- The practical assessment is a drive in the specialised driving instructor’s car, with the driving instructor in the front passenger seat, and the OT Driver Assessor in the rear left seat, and parent/support worker in the rear right seat. The drive usually commences from your home.
- Passenger activities:
- Lane position awareness
- Visual search
- Gap selection
- Problem solving
- Observation skills
- Speed control
- Planning and judgement
- Vehicle positioning
- Physical control and reaction time
- Insight into driving performance
- The OT Driver Assessor will talk with the Driving Instructor at the end of the drive, to determine the outcome of the assessment.
- The assessment CANNOT be completed in the client’s own vehicle, as it does not have dual controlled brakes and this may not be safe for the client, OT Driver Assessor, Driving Instructor or the community. Every OT driving assessment will be completed in the driving instructor’s car with dual controls, so the driving instructor can intervene if there is an emergency situation.
For every OT driving assessment, there are two possible outcomes:
Has Potential To Drive:
- Client is demonstrating appropriate foundation skills across most areas of clinical, passenger activity and lifeskills assessment, and can be recommended for a specialised driving training program from their NDIS plan.
Does not have Potential to Drive:
- Client’s skills across clinical / passenger activities / lifeskills assessment are not sufficient – client is not ready for driving; OT Driver Assessor cannot recommend NDIS funding for specialised driving training program at this time. Client may attempt to improve skills and try again in the future; it is important to be aware that some clients will never be able to drive because of their disability
After the Assessment
1. OT Driving Assessment Report
Your OT Driver Assessor will complete a medicolegal report regarding the outcome of the assessment and recommendations – this will be sent to your family, referring doctor (usually your GP), Medical Conditions Reporting Unit at QLD Transport, the driving instructor and any other relevant parties determined during the assessment (eg Support Coordinator, NDIS, driving instructor).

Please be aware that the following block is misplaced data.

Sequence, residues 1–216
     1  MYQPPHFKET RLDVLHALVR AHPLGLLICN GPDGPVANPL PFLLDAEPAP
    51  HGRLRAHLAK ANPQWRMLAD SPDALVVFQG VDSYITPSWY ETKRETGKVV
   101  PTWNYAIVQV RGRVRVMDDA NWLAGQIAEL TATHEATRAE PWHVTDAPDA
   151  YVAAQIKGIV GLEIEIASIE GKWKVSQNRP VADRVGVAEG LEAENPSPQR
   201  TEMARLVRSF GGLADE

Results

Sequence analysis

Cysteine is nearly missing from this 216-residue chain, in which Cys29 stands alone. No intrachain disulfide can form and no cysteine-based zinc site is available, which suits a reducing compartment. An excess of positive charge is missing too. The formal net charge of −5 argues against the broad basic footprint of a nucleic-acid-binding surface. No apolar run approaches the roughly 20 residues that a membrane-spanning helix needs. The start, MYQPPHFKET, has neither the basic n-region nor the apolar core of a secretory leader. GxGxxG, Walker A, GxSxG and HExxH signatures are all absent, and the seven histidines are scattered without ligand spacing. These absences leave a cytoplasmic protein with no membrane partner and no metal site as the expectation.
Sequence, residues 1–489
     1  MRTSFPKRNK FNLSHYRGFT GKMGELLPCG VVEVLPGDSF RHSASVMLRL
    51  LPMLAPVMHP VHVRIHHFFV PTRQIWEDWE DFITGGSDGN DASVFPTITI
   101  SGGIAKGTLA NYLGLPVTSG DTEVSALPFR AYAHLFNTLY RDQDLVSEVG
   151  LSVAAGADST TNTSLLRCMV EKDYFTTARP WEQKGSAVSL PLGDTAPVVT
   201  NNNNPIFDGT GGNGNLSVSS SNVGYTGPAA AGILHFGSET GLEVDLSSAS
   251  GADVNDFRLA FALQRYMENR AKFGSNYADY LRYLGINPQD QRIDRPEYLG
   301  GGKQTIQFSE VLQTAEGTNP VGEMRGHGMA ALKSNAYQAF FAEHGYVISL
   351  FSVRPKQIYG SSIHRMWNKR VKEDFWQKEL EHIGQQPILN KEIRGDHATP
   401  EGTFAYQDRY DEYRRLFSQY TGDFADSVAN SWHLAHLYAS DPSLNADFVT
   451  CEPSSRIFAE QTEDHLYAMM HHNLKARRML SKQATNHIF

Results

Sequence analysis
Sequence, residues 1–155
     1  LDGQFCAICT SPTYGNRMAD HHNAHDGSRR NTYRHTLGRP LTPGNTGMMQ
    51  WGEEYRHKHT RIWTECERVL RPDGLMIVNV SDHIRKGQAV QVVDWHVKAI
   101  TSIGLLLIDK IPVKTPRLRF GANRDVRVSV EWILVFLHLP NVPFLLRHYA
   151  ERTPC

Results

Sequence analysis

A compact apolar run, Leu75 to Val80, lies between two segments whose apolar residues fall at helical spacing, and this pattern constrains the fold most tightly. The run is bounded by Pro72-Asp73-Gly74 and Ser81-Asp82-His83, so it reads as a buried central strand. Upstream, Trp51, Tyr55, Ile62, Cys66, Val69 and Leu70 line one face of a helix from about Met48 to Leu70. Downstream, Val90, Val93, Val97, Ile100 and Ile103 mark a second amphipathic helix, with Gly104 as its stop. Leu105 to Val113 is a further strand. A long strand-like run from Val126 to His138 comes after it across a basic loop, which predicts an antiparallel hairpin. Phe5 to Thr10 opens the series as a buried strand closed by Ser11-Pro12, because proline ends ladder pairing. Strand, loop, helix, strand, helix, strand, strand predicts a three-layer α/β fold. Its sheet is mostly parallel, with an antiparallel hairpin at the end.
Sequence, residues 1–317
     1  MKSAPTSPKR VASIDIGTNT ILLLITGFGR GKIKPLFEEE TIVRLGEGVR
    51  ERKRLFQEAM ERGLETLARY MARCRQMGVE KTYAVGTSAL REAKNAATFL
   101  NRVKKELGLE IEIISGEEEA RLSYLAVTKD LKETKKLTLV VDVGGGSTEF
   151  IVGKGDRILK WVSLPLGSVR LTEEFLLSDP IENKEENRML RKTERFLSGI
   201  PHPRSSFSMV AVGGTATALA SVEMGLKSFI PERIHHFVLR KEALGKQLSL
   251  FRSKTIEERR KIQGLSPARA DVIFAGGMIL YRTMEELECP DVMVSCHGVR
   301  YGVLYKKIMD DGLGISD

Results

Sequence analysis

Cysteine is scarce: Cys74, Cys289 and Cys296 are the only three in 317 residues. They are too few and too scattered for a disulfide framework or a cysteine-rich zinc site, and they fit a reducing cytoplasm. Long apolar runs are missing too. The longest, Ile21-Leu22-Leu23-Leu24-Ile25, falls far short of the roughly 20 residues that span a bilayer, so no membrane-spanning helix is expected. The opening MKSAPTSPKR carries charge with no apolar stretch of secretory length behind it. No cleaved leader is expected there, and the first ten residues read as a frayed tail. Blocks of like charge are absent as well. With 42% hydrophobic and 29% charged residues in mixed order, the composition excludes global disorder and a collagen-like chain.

We aim to complete the potential to drive report within 10 BUSINESS DAYS and we usually send the report to the GP/Doctor through the “Medical Objects” system or via email.
2. See Your GP
- Your OT driver assessor will advise if there are any changes needed to the QLD Transport Medical Certificate (eg to add or remove a restriction for driving with driving instructor only).
- If necessary, take your updated QLD Transport Medical Certificate for processing.
3. Next Steps
Driving lessons: Approval for driving training program
- When a driving training program (lessons with the specialised driving instructor) are recommended, the OT driver assessor will submit the OT driving assessment report and quote for the number of recommended lessons from the driving instructor provider, to the NDIA.
- “Specialised driving training” is a quote required item, which needs to be approved by NDIA and added as a line item to your NDIA plan under Capacity Building: improved daily living (Specialised driver training 15_046_0129_1_3)
- This applies even if you have a goal regarding driving / community access, and even if you have sufficient budget in improved daily living.
- Once you have written approval from the NDIA (and the line item is added to your NDIS plan), you are able to book your lessons directly with the driving instructor. (Note – this is taking months to gain approval).
- If you are with another insurer, a quote and report is provided, and the insurer must approve the quote to commence lessons.
- Clients can commence self-funded lessons, however NDIA does not reimburse lessons already paid; NDIA does expect the client to contribute to the cost of the lessons and may require the client to co-fund the lessons or show evidence of funding additional lessons as part of the approval process.